get scolded by the U.S. government about building on Har Homa and then
coerced to give the Palestinians something else they really want.
THE INEVITABLE CONFLICT
Israel is always the one being severely criticized by the media and
by world leaders for exacerbating the situation in the Middle East and
jeopardizing the "Peace Process" -- never the Palestinians who are
attacking or their leaders who are inciting. Now, Israel is being
accused of bringing the world to the brink of war over Har Homa by
insisting on Israeli sovereignty over Jerusalem. However, the crux of
the conflict is the fact that a sovereign Jewish state in the middle of
the Islamic world is seen as an affront by Islam. The Islamic world can
never reconcile itself to Israel and sooner or later it will come to a
Avraham Tal, a columnist for Israel's "Ha'Aretz" newspaper, wrote on
April 2, 1997:
"It is easy to claim that the Netanyahu government is responsible
for the crisis in relations with the Palestinian Authority. If it
had refrained from sending the bulldozers up to Har Homa and had
offered a more generous phase to the Palestinians, the attacks and
the riots would not have occurred; the investors and the tourists
would continue to arrive; and life would go on -- more or less -- as
normal. It is easy to claim this, because it is true. But the
question is whether the crisis would have been avoided or just
merely postponed, only to come upon us in the not-too-distant
future, with or without Netanyahu.
The drafters of the Oslo Accord erred in assuming that
negotiations and concessions would lead to reconciliation and to
concessions on the other side. The opposite is true: they gave rise
to increased expectations and more forcefulness in the demand to
implement them. The current crisis can be eliminated at the price of
halting construction on Har Homa and promising a generous second
phase. The confrontation can be postponed in the coming months
through significant concessions in implementing the rest of the
interim agreement. However, every crisis that is prevented will only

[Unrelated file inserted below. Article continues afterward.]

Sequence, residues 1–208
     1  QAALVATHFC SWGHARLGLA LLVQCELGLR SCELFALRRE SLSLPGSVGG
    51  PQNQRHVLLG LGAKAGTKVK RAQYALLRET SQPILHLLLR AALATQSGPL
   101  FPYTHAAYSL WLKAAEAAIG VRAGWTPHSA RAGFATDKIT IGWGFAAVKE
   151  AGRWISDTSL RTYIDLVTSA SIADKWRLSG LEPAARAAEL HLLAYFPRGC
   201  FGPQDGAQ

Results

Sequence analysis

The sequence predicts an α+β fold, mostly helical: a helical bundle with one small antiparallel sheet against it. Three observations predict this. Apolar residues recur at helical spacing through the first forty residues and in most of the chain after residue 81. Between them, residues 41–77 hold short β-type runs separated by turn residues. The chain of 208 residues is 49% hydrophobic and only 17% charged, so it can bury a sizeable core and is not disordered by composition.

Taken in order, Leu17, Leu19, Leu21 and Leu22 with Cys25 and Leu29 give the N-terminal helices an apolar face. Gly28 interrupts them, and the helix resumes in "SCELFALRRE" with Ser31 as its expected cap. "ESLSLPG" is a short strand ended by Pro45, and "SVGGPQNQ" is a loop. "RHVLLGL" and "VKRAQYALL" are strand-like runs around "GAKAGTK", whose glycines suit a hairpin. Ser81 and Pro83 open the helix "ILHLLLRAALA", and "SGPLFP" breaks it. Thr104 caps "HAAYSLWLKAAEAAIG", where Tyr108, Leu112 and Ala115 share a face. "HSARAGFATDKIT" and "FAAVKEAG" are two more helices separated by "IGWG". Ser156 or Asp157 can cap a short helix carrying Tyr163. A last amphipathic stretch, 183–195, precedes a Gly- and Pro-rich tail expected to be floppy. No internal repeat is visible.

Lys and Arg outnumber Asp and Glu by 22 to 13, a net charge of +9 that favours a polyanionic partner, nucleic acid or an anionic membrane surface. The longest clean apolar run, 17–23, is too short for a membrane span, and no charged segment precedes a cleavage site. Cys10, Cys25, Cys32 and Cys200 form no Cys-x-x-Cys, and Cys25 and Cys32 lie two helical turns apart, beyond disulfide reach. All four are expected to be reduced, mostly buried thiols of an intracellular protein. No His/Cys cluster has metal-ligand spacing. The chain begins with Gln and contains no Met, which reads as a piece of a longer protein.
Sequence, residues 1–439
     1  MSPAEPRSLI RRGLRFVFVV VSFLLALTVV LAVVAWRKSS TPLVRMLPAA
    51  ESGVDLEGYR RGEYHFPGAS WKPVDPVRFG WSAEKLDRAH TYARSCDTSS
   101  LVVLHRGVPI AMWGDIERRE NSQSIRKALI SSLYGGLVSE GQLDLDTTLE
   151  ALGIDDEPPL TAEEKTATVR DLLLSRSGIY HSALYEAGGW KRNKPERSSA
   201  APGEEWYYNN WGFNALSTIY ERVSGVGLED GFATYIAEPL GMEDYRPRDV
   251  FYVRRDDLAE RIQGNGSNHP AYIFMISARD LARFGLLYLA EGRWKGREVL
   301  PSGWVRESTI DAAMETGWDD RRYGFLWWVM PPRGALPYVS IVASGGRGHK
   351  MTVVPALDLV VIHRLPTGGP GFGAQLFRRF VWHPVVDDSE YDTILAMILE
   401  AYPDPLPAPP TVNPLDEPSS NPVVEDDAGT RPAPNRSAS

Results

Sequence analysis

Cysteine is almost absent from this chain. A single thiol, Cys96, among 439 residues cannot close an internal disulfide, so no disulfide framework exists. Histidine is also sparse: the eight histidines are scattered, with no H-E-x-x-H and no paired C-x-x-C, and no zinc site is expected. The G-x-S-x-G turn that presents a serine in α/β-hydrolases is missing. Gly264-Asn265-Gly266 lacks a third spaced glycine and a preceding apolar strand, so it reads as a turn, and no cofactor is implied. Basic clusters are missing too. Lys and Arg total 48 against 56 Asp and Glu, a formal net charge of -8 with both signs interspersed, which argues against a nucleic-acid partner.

be postponed to the next stage of negotiations; and in every crisis
the threat of terrorism will hover over us, riots will take place at
roadblocks, and the Arab states will stand united behind the
Palestinians and exert political and economic pressure, as they are
doing in the wake of the Har Homa crisis.
In retrospect, there is a link between the pace of Israel's
concessions on territories and authorities and the amount of tension
in relations with the Palestinian leadership. As long as Israel fed
the process with concessions, tension and conflicts were prevented.
This would hold true in the future as well: continued calm in the
process is conditional on Israel's readiness to continue feeding it
with withdrawals and other concessions.
The events happening now enable us to see what is anticipated,
like in a crystal ball. It is possible that the Netanyahu government
brought the confrontation closer, but if so, it only brought closer
the inevitable. From Israel's standpoint, the question is when, and
from what lines, is it preferable to arrive at the moment of truth."
Where will this all end? Surely the climax of the Arab-Israel
conflict will be over Jerusalem -- two opposing forces want the same
territory, and now, the same capital city.
THE BATTLE FOR JERUSALEM
The battle for Jerusalem is now very real. At the height of the
riots, subsequent to the start of the Har Homa building project, my
family and I were eating dinner with CNN on in the background. We saw
the scenes of rioting youths, tear gas, gun fire, Israeli troops, and
Palestinian police all caught in a web of violence. However, unlike you,
all of this was happening just over the hill from our house. It was
rather surreal as we sat eating dinner in an envelope of apparent peace
and tranquility, watching violent scenes that seemed a continent away -
yet knowing it was all happening just over a mile away.
The Bible is not silent on the subject.
Read the prophet Zechariah 12:2-9, and see the
prophecy of the future war over Jerusalem, complete with UN sanctions as
all nations work together to lay siege on Judah and Jerusalem to force
concessions from the Israeli government. However, the Messianic promise
is that God will prevail, His people Israel and Jerusalem will survive,
and God will judge those who came against His people Israel and His plan
for His nation (see Zechariah 14).
The injunction to " Pray for the peace of
Jerusalem" (Psalm 122:6) is needed now, more than ever -- not for
a man-made peace, but for God's peace to prevail.
Bridges for Peace
Clarence H. Wagner, Jr. ,